The destruction of forests for economic growth has resulted in loss of around Rs. 2,000 crore to India in three years, a new government report, released by PM Manmohan Singh on Friday, said.
The report, for the first time, attempts to analyse impact of economic growth on nature — forests, eco-systems, agriculture — and human health and provide a number for policy-makers for proper “economic evaluation”.
Despite the limitations of the data, the report said loss to the economy was around Rs. 1900 crore on just two accounts — carbon sequestration and non-timber forest produce. Indian forests absorb about 10% of total global warming causing carbon emissions and forest produce is a livelihood source for a large and marginalised tribal population.
During 2009 and 2011, India lost around 5,339 sq kms of forestland owing to the diversion of forestland for economic activities even though 4,972 sq km of green cover was added as compensation.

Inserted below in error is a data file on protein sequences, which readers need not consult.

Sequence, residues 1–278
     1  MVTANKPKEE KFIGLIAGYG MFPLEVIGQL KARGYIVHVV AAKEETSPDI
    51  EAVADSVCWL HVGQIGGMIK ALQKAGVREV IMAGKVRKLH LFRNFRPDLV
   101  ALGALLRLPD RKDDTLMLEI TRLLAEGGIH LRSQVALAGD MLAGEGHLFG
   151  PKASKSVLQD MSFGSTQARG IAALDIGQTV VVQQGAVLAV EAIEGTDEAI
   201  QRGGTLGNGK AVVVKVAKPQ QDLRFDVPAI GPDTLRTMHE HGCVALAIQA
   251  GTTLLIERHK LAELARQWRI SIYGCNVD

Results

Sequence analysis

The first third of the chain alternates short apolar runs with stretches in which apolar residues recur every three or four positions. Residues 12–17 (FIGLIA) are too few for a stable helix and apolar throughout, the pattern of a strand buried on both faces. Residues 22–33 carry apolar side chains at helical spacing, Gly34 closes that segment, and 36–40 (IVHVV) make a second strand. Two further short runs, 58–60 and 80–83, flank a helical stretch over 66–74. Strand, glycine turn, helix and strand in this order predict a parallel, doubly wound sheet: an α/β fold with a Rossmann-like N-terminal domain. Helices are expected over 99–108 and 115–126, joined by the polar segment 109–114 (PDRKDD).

“It shows that we (India) are not growing in an economically-sustainable manner,” said Dr Haripriya of IIT (Bombay), who analysed the limited environmental data on forest and ecology.
This number is small, considering India’s huge public money inflow. But it is because the report anchored by Professor Partha Dasgupta of Cambridge University did not take into account adverse health impact due to the loss of forests and its impact on local ecology and agriculture, which contributed about 14% to India’s Gross Domestic Product.
Dr Haripriya of IIT (Bombay) said India was not growing in an environmentally-sustainable manner on basis of her analysis of limited environmental data.
Air pollution in India is rising in most cities and its health impacts are well documented. Just two of around 250 cities monitored by the Central Pollution Control Board as air pollution levels below the national ambient standards. A recent Health Effects Institute study had described air pollution as fifth biggest cause of deaths in India.
But what the Dasgupta committee failed to tabulate on the cost of rising air pollution to economy in absence adequate data. Also, the committee was not able to give a definite number to contribution of forests to people’s good health.
The report also said just in three years -- 2009 to 2011 -- India lost around 5,339 sq kms of forestland because of its diversion for economic activities.